If you trade within the borders of the EU, then the amount of necessary shipping documentation will be limited to standard items such as a packing slip and accompanying invoice. For special goods or materials you might need safety documentation and other necessary material for safe and legal transportation. If you want to start an import and export company in specialty goods, we strongly advise you to inform yourself about specific regulations covering these items. This to make sure you comply to all the laws and regulations.

Species conservation

The Netherlands is part of CITES (the name for the Convention on International Trade in Endangered Species of Wild Fauna and Flora), also known as the Washington Convention. Imports or exports of endangered species and plant species listed in the Convention to and from the European Union, are subject to strict customs controls. Many species or products from these animals require identification and/or import documents. Not only live animals and plants are categorized, but also preparations and products from these animals, such as their eggs, jewelry and souvenirs made of ivory, leather bags (crocodile), claws, teeth, skins, turtle shells, snake skins and related items of natural origin. Given the sometimes difficult classification for laymen as to whether a species or a product is subject to documents, it is certainly best – to protect endangered species and avoid seizures and possibly large fines on importation – to refrain from buying such souvenirs.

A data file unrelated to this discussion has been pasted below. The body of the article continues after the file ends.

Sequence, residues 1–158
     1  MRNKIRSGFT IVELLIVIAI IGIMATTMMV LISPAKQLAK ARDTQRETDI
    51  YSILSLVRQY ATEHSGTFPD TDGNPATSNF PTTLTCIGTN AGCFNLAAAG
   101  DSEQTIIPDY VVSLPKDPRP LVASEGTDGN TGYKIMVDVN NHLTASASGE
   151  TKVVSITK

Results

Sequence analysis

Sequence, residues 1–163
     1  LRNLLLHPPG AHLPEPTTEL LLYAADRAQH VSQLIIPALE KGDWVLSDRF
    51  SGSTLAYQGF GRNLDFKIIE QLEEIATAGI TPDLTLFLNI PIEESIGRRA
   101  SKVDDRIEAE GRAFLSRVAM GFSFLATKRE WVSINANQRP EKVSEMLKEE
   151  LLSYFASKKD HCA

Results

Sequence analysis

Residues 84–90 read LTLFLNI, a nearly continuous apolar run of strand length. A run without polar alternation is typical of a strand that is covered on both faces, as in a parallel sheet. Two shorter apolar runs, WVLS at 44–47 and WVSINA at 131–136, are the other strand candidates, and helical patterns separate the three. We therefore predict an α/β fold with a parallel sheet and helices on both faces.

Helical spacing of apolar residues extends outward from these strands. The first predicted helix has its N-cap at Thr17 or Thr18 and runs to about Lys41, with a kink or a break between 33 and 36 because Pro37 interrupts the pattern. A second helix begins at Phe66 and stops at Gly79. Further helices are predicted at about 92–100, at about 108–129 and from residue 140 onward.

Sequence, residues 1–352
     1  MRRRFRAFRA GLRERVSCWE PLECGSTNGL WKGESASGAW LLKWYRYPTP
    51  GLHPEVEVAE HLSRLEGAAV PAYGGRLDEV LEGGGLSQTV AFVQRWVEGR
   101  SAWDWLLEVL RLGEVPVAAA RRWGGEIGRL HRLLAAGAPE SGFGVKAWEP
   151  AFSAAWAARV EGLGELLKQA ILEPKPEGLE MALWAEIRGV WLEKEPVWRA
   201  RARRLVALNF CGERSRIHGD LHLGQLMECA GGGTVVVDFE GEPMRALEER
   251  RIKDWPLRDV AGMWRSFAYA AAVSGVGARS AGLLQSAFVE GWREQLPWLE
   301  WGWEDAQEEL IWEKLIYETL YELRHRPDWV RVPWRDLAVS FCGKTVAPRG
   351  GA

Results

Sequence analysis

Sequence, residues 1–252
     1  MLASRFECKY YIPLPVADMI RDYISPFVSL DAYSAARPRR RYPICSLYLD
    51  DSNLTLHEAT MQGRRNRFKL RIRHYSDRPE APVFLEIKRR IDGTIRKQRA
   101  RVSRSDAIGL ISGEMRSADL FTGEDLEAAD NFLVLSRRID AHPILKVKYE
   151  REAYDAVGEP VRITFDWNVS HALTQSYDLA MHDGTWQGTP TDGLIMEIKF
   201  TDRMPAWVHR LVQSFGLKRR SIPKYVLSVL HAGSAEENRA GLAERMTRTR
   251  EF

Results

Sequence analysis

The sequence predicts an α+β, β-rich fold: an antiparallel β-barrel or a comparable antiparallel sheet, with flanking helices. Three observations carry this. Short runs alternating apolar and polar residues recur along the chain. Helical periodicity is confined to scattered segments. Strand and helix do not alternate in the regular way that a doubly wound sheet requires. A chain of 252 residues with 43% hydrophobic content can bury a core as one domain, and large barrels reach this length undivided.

Otherwise, precise information on the necessary accompanying documents (CITES papers) should be obtained before departure. If a seller or buyer states that the offered flora or fauna is either not subject to the rules laid out in the Convention on the Protection of Species, or that the accompanying documents submitted by the dealers are sufficient, should never be relied upon, even in good faith. Tax and customs law issues require precise clarification.

Financing export activities

You need to take into consideration that a trade business takes a lot of time and effort to sustain. Unless you are able to hire qualified personnel who will handle daily business activities, we suggest you map out potential risks involved. Especially when doing business across the border, upfront costs and risks should not be underestimated. National banks, export funds, control banks, AWS and private export insurers have many answers to questions about financing, hedging of export transactions and direct investment.

Start-up aid for exporters & export subsidies

If you are just at the beginning of starting a company, our experts can take a close look at your idea and check if you might have access to any subsidies or tax benefits. We can also check whether you are sufficiently prepared for your project, help in assessing chances of success and define target groups and test markets with you. The goal is to transform your business idea into a strategy with minimum risks involved. We have an overview of all support measures and can help you make sure that you can benefit from all possible options.

Intercompany Solutions can assist you in setting up a trade company

If you are contemplating a starting a business in the Dutch import and export sector, we can assist you during various steps in the process, such as:

  • Export processing and export documents
  • Professional import/export advice
  • Advise you on customs procedures
  • Informing you about export regulations and export control
  • Help you determine the origin of your export product
  • Financial and fiscal advice and services

We can also help you with other general issues, such as company registration, acquiring a VAT number and opening a bank account. Please feel free to contact us anytime with your questions, or if you would like to receive a personalized quote.